Tributes for Josie Edden, who died after being hit by a garbage truck last year. Photo: Penny Stephens The corner of Collins and Spencer streets, where young barista Josie Edden died last year. Photo: Eddie Jim
Melbourne City Council planners will investigate closing parts of Spencer Street at the “dangerous” Southern Cross Station intersection.
The council will spend $750,000 on a master plan to improve pedestrian safety at the busy junction of Collins and Spencer streets, where young barista Josie Edden was killed last year after falling into the path of a garbage truck.
Lord mayor Robert Doyle said Town Hall was already working with Metro Trains to reopen a historic pedestrian tunnel that runs from the station, underneath Spencer Street, to Little Collins Street.
“I think that would be a great thing to do, to use a piece of infrastructure like that to move people into the city without them risking that intersection,” Cr Doyle said.
“I think we all know regrettably of that awful tragedy of that young woman who was killed on that corner. You’d hate to think – was that an avoidable death?”
The Spencer and Collins intersection has been identified as one of the most severely overcrowded locations in central Melbourne.
On weekday, between 8am and 9am, more than 4000 travel through it – a rate that is comparable only to intersections near Flagstaff and Flinders stations.
Council planners will talk to VicRoads about creating more space for pedestrians by closing down one of two lanes travelling in each direction on Spencer Street.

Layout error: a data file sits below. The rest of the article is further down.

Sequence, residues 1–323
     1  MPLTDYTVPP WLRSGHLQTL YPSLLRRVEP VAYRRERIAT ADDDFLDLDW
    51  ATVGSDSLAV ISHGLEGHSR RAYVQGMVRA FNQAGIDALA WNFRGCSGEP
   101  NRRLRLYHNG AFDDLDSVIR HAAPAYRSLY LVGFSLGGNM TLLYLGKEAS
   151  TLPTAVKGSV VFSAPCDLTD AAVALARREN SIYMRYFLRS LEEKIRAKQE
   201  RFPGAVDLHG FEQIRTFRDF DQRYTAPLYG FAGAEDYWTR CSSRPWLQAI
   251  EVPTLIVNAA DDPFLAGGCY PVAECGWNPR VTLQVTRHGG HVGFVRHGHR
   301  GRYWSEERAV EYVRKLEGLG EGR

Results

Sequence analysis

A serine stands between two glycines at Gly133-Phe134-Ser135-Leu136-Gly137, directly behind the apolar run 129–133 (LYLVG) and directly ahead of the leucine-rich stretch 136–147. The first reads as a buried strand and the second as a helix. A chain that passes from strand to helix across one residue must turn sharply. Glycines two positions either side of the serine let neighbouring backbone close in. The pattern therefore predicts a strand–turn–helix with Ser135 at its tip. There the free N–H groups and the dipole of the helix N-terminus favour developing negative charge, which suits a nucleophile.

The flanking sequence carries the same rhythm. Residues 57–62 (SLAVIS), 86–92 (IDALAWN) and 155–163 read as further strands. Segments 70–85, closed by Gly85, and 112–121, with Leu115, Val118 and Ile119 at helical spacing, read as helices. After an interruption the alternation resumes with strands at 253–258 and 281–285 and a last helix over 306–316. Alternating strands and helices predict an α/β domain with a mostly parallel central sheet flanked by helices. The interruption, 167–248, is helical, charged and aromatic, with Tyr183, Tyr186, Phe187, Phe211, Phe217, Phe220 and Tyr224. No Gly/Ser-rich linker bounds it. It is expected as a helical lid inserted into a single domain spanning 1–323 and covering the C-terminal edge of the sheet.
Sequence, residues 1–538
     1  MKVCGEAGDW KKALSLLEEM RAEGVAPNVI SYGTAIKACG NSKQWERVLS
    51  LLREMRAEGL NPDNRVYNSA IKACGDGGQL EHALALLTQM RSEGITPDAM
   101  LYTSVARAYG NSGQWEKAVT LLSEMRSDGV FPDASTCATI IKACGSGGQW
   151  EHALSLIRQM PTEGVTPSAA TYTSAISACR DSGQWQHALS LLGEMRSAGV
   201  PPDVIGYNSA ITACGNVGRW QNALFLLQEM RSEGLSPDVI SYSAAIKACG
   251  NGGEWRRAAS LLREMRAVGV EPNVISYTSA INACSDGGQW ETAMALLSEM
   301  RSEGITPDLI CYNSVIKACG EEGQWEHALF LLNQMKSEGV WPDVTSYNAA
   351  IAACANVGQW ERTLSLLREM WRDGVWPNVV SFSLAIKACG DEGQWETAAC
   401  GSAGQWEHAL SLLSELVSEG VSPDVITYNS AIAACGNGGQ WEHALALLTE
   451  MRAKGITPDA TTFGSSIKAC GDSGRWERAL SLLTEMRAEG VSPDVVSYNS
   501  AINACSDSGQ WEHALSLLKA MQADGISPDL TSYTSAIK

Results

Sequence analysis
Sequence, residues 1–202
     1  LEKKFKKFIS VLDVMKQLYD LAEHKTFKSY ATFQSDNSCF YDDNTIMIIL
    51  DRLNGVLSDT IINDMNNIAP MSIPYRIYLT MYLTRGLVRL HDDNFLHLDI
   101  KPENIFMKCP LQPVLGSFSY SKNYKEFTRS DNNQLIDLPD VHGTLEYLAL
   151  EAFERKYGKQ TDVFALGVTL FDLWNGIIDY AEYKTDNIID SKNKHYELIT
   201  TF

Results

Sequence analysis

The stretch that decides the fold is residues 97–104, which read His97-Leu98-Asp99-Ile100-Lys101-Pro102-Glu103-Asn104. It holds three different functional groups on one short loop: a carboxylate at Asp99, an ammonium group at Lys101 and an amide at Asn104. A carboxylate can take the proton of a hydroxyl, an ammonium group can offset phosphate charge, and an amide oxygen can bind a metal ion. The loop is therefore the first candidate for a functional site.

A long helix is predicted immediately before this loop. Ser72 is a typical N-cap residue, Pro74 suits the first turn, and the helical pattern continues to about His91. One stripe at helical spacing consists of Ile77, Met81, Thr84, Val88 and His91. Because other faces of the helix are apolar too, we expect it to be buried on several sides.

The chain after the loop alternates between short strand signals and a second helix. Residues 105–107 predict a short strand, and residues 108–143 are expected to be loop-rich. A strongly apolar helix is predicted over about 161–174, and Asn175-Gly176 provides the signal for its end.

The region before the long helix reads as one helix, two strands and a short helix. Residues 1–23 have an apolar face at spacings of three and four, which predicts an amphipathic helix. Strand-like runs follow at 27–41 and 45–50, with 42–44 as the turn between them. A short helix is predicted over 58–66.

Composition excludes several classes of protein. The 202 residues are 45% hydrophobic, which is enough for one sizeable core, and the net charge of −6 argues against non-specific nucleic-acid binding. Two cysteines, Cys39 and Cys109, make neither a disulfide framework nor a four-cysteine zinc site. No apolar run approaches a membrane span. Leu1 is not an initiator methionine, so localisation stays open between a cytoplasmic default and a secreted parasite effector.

They will also explore the closing the road for a couple of hours during peak periods, with vehicles being diverted through Wurundjeri Way or elsewhere.
But on Thursday the lord mayor said he thought even a partial road closure would be “pretty hard” given Spencer Street’s role as a major conduit to the inner west.
Widening pedestrian crossings and redesigning tram stops are more likely to be adopted. The operators of Southern Cross Station will be approached about removing the glass wall which separates the station from most of Spencer Street, improving direct access to Little Collins.
The plan was outlined as part of the council’s 2016-2017 budget, which despite coming in a council election year, was dubbed “very responsible” and “a bit boring for an election budget” by councillors.
The big spend was $8.45 million towards the revamp of the Queen Victoria Market.
It is the council’s first budget since the state government introduced its controversial 2.5 per cent rate capping policy.
However thousands of property owners in the central city will still experience massive increases, well above 2.5 per cent, due to rapidly-rising property values in their area.
For example in Kensington residential property prices increased annually by 10.4 per cent and in North Melbourne they increased by 7.9 per cent annually.
For more information on the budget, or to have your say, visit melbourne.vic.gov419论坛/budget.
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